Saddam is on trial for the massacre in Dujail which took place more than twenty years ago. Many other crimes have occurred since. We can only speculate as to how much death and pain could have been avoided had Saddam been placed on trial for his crimes in 1982, instead of 2005.Pete, you make a sound point about Suharto. Donald Rumsfeld was infamously shaking Saddam's hand in 1983, soon after the massacre which Saddam is now on trial for. Just as Indonesia's annexation of Timur occurred with the sanction of the global hegemon, and the slaughter of thousands of "communists" was conducted with CIA support, Saddam's regime continued it's violent reign with the approval of the US. Why was Suharto never held to account? Or Pinochet? Similar questions can be asked about the various contemporary US allies throughout Eurasia. The standard rightist response to this is to say, "we can't invade everyone" or "they are our ally in the war against terror".Ian, Shabadoo is right. Saddam had already killed a lot of people in Iraq, so now it's ok for us to do the same. What's that phrase? Moral equivalence?Ibrahamav, the US supplied hardware and strategic advice to Saddam throughout the conflict with Iran. It is ridiculous to suggest, as you do, that the CIA had no idea that Saddam was using his arms for anything except the war with Iran. US (and other western) support for Iraq came in many forms, not the least of which was Cold War-induced political support for its actions. That is to say, Saddam knew he could get away with being a tyrant.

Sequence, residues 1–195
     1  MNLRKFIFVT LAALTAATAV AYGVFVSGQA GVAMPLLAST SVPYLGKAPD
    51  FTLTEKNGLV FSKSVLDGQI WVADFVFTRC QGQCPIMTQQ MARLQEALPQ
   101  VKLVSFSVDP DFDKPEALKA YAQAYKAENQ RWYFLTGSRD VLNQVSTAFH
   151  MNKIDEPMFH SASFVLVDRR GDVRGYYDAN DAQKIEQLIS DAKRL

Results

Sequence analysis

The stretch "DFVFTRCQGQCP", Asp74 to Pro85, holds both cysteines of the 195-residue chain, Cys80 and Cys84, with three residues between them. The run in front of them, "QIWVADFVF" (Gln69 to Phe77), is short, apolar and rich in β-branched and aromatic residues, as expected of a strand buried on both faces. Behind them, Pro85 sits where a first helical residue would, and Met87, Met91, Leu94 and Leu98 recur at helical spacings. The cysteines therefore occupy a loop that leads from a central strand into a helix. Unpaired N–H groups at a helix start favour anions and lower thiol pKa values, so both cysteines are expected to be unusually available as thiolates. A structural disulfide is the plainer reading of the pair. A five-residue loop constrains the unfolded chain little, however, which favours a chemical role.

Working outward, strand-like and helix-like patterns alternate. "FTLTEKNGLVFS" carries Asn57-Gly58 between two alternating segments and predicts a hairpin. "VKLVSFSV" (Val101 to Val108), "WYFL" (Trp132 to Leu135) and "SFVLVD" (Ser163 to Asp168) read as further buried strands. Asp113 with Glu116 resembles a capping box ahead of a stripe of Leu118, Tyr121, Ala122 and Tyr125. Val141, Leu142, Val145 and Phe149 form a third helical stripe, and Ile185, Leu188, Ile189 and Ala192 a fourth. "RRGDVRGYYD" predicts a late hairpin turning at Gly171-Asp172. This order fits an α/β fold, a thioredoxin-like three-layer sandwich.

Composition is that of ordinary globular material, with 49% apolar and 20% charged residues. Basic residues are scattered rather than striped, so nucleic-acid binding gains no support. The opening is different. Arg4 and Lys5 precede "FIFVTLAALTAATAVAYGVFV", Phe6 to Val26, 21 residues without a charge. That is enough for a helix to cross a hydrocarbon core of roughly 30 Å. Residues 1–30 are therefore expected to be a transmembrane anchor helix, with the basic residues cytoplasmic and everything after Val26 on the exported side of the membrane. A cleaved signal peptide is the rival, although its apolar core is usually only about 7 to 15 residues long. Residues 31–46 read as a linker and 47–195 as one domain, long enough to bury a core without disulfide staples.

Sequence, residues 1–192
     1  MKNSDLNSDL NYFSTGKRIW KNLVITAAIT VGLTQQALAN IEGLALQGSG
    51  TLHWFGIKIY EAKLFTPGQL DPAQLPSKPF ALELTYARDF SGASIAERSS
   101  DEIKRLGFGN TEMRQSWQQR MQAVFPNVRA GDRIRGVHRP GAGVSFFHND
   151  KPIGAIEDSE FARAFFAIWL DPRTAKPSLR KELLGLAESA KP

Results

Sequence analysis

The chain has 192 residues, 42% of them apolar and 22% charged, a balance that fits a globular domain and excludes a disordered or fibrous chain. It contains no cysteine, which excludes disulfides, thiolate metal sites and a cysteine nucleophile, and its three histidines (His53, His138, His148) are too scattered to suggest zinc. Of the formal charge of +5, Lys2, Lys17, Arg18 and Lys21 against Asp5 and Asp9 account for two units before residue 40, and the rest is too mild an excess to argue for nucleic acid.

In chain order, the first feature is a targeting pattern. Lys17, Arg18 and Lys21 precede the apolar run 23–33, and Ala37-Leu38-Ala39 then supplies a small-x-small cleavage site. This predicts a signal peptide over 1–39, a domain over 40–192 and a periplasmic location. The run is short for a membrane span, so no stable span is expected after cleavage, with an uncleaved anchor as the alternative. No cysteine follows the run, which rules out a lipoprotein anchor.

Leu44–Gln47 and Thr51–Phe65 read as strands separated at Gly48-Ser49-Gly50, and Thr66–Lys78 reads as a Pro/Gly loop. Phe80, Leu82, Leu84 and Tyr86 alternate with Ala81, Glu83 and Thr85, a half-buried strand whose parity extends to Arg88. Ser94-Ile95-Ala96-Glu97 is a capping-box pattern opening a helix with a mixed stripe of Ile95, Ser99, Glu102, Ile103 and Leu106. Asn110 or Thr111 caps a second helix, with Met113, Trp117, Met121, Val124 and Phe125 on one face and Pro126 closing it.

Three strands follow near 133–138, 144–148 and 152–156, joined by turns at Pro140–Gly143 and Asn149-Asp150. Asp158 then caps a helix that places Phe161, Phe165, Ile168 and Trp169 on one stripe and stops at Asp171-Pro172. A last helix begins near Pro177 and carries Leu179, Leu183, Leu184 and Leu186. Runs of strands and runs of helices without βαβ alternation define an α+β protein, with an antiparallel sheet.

• Wombat